Steve: I like how the battles feel hard and real, more than anything else. Having Henry continue on into Ivar, Timewalker halts a bit of that evolution that the character needed following Archer & Armstrong --- having the same creative team from that series head onto Ivar's next book means he's still somewhat defined by that post-story, unlike in Eternal Warrior where Gilad gets an overhaul artistically and a new writer with slightly different tics and flourishes. Really, I think it might just be that the coloring in Ivar’s book needed to be dirtier.
So okay, we're spoken about the ripplingly handsome Eternal Warrior, and his hot son, and the somewhat welcome problem he's been causing for you each time you read an issue. But beyond the dangerous levels of hotness, if possible, what do you see as the core of the character and his series? Greg Pak is one of the best around at adapting himself to an established character, whether it be Superman or Hulk or Gilad. People are coming to this column perhaps before they've gone anywhere near reading either of these comics, so what --- besides inherent swooniness --- does Eternal Warrior possess as a character?
JAM: I think it's the exhaustion and emotion that draws me to Eternal Warrior. We talked last time about why he's an interesting character and what themes he possesses, but the reason the comic is successful is that it's emotional. It's sad. It's angry. It's everything that lies between those two feelings. And it's personal.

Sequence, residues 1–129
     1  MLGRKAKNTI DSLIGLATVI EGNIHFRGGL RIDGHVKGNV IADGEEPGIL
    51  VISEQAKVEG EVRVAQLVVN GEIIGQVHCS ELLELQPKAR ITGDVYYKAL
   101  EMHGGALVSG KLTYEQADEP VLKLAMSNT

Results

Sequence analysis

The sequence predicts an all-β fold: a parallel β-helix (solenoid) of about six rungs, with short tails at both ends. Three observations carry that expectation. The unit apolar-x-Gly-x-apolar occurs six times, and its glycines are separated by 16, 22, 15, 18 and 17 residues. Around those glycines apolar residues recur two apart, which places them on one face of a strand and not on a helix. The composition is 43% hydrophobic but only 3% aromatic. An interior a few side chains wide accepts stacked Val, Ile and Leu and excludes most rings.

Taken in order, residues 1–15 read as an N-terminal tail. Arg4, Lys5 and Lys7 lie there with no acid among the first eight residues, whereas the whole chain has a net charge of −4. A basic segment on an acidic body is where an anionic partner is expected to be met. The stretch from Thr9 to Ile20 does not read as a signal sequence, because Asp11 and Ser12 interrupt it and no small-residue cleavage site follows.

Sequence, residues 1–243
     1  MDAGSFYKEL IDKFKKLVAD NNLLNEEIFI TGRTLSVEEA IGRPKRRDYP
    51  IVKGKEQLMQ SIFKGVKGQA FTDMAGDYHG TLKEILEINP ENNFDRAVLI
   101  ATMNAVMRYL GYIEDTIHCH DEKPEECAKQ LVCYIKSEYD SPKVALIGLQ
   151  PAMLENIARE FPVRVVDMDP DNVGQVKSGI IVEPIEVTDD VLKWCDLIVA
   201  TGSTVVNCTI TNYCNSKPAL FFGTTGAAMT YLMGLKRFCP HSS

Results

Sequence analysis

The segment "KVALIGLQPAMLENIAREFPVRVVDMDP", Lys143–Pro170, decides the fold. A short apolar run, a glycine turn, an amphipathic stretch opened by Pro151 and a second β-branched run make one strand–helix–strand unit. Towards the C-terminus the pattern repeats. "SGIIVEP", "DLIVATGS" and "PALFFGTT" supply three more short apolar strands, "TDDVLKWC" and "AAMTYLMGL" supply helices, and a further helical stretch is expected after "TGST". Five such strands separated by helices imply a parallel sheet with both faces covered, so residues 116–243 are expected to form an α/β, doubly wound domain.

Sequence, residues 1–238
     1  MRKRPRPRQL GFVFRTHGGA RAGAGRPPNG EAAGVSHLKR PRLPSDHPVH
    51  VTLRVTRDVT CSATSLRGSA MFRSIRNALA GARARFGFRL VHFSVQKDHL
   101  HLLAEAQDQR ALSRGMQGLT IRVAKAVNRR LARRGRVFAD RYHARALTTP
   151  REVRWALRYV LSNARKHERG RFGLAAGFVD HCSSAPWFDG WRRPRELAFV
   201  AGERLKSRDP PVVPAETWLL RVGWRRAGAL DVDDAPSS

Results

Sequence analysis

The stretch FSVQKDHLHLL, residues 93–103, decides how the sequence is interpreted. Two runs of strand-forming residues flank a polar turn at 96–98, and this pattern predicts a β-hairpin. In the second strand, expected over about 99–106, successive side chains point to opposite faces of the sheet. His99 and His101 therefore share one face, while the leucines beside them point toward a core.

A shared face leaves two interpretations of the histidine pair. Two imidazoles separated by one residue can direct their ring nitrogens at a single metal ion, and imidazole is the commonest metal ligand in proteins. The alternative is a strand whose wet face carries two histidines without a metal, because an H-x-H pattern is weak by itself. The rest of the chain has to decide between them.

The core of the series is this guy who's lived his life fighting and fighting and fighting and realizing he can't do it anymore, which I think can be extrapolated to almost every life experience in some degree. Though perhaps not literally, we've all got things we're fighting to try and achieve --- things we may be fighting our whole lives for and never see come to fruition. So I'm immediately able to empathize with that experience, that tiredness.
And the core of the series is making me believe it by largely keeping the narrative human and individual. The creative team puts much more emphasis on building Gilad as a character than they do on plot. In fact, the plot is the least interesting element out of the two trades, particularly the first one where they could have pulled back just a little bit. But they do this by keeping it personal --- by putting Gilad's feelings at the forefront, by emphasizing his familial relationships, by taking the time to show us who he is and why he is.
It's sounds simple and obvious when I say it like that, but so many comics, so many stories fail on that front. Even Ivar, Timewalker did, I think. The tone was better, but I don't feel like I understand what's important to Ivar or Neela in the same way I understand that about Gilad or the other supporting characters.